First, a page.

The RME hardware is clearly top-notch, but when integrating a device with a PC or a Mac, the drivers are the most important thing to ensure that everything goes as per the grand design. In this regard, RME is renowned as a company that supports its products and though the Fireface 800 has been around since 2004, I think, and the latest driver was released on January 17, 2012. I believe this is extremely important to know, as a single change in the code of our OS could mean the death knell of so many devices or softwares that are built on top of them.

One of the really interesting features of the device is a backup BIOS, so in case something goes wrong while updating, the device automatically switches to the backup BIOS, so nothing ugly happens like your expensive hardware being turned into a brick.

The Fireface is linked to the PC through a device called TotalMix, which as the name suggests, allows you to control the inputs and outputs of the interface, assigning outputs to analog and digital inputs, just like a physical hardware mixer From within the Fireface, you can create up to 14 stereo sub-mixes for any channel like your headphones (i.e. send signals from 14 different input channels to a single output). Routing options are unlimited and you can assign inputs and outputs any number of times. In addition, you can play back from multiple programmes on a single channel! The device also facilitates integration of external hardware, by routing a signal to the specific input and output in which the device is connected!

Every single input, output and playback channel has an independent meter displaying peak and RMS levels. In addition, the input channels feature a pan slider and I found this was a better way to pan signals before they entered the DAW which opens up interesting possibilities. The level meters of the input and playback channels are pre-fader, while the output meters are post-fader. You can set the desired input, playback and output meters by means of a slider. There are also solo and mute buttons for each individual channel! You can control multiple faders simultaneously as well and set levels independently for different mixes on different channels. Each individual channel can have a name of its own, as defined by the user.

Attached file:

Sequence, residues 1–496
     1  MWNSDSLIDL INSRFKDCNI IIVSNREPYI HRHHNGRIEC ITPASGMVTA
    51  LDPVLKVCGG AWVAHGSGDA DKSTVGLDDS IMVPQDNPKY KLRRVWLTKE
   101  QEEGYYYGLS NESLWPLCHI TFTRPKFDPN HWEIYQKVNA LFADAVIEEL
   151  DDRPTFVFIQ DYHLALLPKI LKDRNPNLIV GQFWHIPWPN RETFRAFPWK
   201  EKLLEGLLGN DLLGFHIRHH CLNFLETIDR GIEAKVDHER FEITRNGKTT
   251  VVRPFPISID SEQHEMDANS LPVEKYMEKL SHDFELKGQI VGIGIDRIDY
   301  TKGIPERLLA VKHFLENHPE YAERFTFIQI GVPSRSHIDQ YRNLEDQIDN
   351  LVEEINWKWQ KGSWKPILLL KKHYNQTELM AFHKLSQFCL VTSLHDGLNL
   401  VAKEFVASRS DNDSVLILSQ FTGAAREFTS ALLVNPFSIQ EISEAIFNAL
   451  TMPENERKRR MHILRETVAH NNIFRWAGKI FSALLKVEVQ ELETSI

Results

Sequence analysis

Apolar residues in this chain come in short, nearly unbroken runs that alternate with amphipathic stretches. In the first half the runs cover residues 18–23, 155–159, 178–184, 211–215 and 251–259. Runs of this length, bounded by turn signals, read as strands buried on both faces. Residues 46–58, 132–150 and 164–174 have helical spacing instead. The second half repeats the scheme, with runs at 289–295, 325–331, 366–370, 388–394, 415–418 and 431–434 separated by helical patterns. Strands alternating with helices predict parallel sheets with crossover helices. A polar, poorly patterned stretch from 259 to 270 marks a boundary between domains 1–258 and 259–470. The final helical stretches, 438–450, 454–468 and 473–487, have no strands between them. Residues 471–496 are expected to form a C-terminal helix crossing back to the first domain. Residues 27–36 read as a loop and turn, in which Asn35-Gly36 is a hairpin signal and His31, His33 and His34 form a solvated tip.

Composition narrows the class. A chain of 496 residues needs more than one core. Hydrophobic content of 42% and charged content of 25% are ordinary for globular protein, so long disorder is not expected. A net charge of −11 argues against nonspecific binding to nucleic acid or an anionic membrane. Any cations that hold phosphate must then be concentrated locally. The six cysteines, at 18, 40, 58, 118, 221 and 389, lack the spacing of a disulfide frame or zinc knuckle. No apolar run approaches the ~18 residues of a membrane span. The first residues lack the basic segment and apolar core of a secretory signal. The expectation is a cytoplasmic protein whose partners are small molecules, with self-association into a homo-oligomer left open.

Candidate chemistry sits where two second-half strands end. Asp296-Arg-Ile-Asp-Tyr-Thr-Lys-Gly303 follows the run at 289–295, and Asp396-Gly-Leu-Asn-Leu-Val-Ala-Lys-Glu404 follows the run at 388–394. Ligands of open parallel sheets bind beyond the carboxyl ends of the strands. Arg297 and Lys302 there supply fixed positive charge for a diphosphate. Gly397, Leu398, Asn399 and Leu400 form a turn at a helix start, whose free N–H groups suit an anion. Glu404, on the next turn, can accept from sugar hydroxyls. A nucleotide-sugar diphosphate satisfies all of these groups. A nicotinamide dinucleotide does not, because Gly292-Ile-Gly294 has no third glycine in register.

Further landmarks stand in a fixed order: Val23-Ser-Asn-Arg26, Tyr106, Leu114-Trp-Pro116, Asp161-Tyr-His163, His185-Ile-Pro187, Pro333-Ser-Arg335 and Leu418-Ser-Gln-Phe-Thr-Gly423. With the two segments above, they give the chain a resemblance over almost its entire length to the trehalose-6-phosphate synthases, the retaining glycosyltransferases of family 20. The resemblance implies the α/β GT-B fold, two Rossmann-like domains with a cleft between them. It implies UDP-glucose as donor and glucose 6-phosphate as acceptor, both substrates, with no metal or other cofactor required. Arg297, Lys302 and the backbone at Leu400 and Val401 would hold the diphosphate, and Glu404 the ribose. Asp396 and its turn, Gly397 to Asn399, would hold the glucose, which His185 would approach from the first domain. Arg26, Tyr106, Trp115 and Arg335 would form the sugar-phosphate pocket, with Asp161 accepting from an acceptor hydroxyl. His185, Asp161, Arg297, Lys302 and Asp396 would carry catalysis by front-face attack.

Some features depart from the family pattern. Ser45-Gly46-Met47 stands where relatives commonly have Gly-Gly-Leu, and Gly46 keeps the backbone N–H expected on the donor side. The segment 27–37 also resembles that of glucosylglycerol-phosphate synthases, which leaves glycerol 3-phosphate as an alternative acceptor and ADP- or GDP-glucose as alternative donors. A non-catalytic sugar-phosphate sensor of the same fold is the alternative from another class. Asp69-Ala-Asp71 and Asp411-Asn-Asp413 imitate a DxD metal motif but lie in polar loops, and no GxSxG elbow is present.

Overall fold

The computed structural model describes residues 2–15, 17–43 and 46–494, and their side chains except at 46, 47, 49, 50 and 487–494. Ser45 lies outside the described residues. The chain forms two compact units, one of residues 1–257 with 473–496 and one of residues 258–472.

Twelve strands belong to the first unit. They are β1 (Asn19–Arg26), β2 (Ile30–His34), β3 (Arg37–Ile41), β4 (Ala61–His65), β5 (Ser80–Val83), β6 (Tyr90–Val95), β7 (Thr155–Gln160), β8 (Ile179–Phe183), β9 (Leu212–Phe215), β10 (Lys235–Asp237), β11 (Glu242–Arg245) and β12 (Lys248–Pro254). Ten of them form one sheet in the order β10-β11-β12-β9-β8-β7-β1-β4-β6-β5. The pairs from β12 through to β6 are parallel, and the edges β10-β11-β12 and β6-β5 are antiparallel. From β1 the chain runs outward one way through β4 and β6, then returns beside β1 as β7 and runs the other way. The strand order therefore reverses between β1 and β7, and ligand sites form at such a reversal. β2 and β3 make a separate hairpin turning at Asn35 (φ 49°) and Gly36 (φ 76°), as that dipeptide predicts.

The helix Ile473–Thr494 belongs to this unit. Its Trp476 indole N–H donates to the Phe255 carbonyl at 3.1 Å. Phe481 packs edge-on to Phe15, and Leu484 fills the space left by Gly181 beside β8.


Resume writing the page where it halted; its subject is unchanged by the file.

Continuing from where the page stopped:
You can setup a total of 8 presets for TotalMix, depending on your needs, and there are already 8 factory presets on the device. One of the most invaluable presets is the panic setting, which immediately mutes all playback and inputs. There are also three independent presets for the headphones, so you can set them up as required in different situations.

TotalMix also offers control over the RME Fireface 800’s talkback and listenback function, whereby microphones are connected to a user-defined input and simply by pressing a button, you can relay commands between the record room and control room. Professional!

In addition, there are two sections offering control over the main monitors being used in your setup, with controls like dim, mono and phones. There is also a separate section offering control over headphones sub-mixes on different playback channels.

TotalMix also features advanced routing features for techniques like mid/side recording and the “loopback” of signals from the outputs of the device to your DAW software.